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Dangerous Neighbors Review by Melissa Cummings

By Beth Kephart
750 Seventh Avenue
New York, NY 10019

A sister's bond is tested through adolescence and even death; the novel Dangerous Neighbors takes its reader on a journey of sweetness and pain, beauty and grief along with twins Katherine and Anna. Against the backdrop of the 1876 Centennial Expedition in Philadelphia, the reader experiences the excitement of festival as well as the grief Katherine feels following the death of her sister. Flashback scenes hearken back to calmer and sweeter times when Anna was still alive. In a fairly short historical novel of 166 pages, we observe the deep bond of sisters and the grief that follows when that bond is shattered--first by a love interest and then by the finality of death.

With prose verging on poetry and descriptions that make you feel as though you are in the midst of the scene described, Kephart's writing style is nothing short of delicious--so rich and smooth you can almost taste it! At $17 for the hardback version, it is worth your investment and delectably memorable. I enjoyed the way that the flashbacks revealed the relationship between the sisters--showing how Katherine protected, guarded, and brooded and how Anna flitted, flirted, and coyly manipulated. The contrast between the twins' personalities, their strained relationship as they grew older, tantalizing characters that dart in and out of the storyline, vivid descriptions of the Centennial fair--all of these elements culminate in a finale of resolution, redemption, reconciliation, and even renewed hope.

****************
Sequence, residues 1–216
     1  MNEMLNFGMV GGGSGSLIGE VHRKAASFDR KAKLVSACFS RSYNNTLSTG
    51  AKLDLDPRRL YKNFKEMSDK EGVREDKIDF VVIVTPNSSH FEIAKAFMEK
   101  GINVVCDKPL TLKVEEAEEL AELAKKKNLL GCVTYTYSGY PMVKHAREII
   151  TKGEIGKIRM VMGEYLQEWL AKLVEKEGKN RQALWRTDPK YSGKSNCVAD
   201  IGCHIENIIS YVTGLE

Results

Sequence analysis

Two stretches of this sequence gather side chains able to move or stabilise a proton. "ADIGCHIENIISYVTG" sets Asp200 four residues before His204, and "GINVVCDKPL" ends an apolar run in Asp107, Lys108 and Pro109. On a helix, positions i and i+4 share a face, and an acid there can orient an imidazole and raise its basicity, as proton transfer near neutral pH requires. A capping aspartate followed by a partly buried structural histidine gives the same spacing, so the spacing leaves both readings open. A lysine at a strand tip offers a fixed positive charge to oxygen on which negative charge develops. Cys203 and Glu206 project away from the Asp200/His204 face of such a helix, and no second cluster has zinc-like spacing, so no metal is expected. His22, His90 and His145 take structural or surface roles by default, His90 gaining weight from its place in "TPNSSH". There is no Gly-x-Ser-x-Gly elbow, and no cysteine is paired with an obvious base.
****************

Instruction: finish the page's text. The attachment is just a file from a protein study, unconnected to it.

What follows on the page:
As much as I personally enjoyed the writing style and the subject matter itself, this book does present some ethical and moral issues that a Christian parent would likely find problematic. Theoretically, the book could be pertinent for an adolescent who has lost a sibling or close friend and is struggling with guilt or for someone who is considering suicide. Despite its being touted as a "hot teen title" by Booklist, I personally would not want my adolescent to read this book because of the overarching theme of the protagonist desiring (and nearly attempting) suicide. Also, with an aloof father and a mother who is too busy with suffragette pursuits to invest in relationships with her daughters, this book would serve better as an example for parents of how not to act than as entertainment for teens.

Product review by Melissa Cummings, The Old Schoolhouse® Magazine, LLC, April 2011